Hanukkah reminds me to love harder than I hate

I love seeing pictures of my friends’ Hanukkah candles on Facebook. The light is both comforting and motivating. Comforting, in that the light is more than just the light of candles. It is the or haganuz, the light of creation burning in us, around us, and through us.

The light is also motivating as a reminder that our job is not only to be light, but to fight darkness like the Maccabees did. The Maccabees had the attribute of Shimon burning in them, which was the righteous desire and ability to destroy those who wanted to destroy them.

Just as a mother instinctively will summon up remarkable strength when anyone and anything wants to injure her child, so the Jewish people must summon the courage to confront and challenge those individuals and groups whose ideologies attempt to destroy her and undermine her eternal expression and indisputable claim. – Nechama Sarah G. Nadborny

The Maccabees had this noble kind of courage and zealousness, to say the least. And thank God, so many Jews today still have this kind of courage and zealousness.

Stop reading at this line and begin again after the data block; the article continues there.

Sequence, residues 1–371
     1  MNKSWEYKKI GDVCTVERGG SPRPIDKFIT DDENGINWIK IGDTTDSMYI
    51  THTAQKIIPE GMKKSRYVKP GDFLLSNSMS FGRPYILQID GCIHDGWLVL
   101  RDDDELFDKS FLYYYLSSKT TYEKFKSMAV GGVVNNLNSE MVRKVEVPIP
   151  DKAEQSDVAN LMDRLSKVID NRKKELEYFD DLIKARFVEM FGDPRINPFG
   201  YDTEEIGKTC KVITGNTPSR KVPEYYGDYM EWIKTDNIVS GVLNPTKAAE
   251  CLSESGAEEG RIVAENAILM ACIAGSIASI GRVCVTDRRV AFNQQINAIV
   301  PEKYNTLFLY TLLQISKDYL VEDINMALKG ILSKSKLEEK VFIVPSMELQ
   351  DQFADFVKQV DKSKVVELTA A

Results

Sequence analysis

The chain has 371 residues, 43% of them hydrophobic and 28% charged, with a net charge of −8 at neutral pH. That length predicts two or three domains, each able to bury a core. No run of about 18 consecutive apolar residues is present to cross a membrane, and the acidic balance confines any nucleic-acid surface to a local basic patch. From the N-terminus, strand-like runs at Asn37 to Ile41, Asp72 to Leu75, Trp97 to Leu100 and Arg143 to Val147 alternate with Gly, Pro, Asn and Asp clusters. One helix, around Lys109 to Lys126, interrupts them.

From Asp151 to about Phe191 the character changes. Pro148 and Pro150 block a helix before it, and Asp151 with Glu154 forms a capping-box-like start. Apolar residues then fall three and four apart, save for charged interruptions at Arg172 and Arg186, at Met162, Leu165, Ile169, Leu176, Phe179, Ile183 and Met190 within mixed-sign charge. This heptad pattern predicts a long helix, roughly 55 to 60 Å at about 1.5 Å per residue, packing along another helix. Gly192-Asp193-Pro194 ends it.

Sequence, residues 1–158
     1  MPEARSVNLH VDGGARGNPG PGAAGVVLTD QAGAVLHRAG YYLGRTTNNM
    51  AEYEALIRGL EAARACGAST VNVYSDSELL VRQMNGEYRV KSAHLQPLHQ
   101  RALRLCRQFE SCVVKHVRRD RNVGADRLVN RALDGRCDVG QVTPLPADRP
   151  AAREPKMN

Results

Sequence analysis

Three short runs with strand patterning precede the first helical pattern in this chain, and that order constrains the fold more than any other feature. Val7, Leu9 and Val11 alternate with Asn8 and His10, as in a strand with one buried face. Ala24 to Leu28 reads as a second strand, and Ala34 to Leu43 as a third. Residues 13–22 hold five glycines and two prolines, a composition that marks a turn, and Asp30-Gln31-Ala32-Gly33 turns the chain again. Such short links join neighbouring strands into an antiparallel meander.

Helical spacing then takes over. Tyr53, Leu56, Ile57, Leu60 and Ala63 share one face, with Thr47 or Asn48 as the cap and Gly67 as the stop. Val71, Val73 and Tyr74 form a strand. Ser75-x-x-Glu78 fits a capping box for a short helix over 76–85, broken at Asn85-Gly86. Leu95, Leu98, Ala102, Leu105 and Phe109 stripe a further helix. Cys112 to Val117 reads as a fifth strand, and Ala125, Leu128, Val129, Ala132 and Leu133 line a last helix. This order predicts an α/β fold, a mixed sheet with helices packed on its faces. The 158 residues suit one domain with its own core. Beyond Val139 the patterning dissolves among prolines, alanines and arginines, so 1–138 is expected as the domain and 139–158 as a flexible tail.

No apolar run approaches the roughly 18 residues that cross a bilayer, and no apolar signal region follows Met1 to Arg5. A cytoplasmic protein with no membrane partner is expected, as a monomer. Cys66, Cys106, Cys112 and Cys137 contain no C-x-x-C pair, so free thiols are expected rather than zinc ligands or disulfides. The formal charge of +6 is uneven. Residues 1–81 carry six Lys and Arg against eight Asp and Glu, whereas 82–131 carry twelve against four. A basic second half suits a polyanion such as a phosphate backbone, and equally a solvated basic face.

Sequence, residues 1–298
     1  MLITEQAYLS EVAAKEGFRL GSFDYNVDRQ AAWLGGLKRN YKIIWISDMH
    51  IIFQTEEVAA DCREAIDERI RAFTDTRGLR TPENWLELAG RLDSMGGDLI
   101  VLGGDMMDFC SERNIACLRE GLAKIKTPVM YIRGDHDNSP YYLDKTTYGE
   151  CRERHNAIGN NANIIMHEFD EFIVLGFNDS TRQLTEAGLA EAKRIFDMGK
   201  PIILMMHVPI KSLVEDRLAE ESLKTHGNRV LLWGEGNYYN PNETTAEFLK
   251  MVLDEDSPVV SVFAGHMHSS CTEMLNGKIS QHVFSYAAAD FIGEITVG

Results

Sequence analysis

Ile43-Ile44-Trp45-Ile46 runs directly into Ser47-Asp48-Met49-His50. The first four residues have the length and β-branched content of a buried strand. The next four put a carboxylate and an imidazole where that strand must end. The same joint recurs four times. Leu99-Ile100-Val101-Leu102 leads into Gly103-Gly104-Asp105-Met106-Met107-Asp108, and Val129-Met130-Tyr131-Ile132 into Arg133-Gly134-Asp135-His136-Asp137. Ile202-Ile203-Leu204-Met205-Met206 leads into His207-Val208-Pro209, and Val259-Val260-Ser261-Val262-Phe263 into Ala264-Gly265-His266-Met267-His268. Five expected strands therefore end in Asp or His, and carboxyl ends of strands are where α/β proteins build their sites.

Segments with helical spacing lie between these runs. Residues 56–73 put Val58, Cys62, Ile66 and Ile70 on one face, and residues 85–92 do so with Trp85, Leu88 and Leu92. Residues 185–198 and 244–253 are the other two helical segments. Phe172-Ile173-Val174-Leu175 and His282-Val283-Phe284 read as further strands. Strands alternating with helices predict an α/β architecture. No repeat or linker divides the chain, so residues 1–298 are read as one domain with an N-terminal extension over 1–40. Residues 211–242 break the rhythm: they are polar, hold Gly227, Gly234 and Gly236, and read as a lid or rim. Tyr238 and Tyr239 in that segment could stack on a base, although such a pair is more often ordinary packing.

But I also saw a quote on Facebook that reminded me that although fighting is a necessary part of life, fighting without balance can destroy me instead of destroying what I’m fighting against:

Fighting evil is a very noble and necessary activity when it must be done. But it is not our main mission in life. Our main mission is to bring in more light. – Rabbi Tzvi Freeman

I sometimes identify more with evil than I do light, in the sense that my identity gets too wrapped up in fighting against evil. I forget that I am a noun, light, who partakes in the verb fighting. I forget that a light who sometimes fights is more powerful than a fighter who is sometimes a light. The lights of Hanukkah remind me of that balance.

One is encouraged to spend time gazing at the lights of the Hanukkah candles. Maybe for “doers” and “fighters” this can seem like a waste of time or even seem silly. But it’s a time to pause. A time to come out of the boxing ring of life and into the corner between rounds. A time to remind ourselves that hatred as a driving force can’t be what sustains a fight long-term without causing damage to us and our cause. A time to remember to love what and who we are fighting for harder than we hate what or who we are fighting against.

There is a time to fight.

There is a time to be light.

There is a time to hate.

There is a time to love harder.

Now is that time.

About the Author
Camie Davis is a non-Jewish writer and advocate for Israel.
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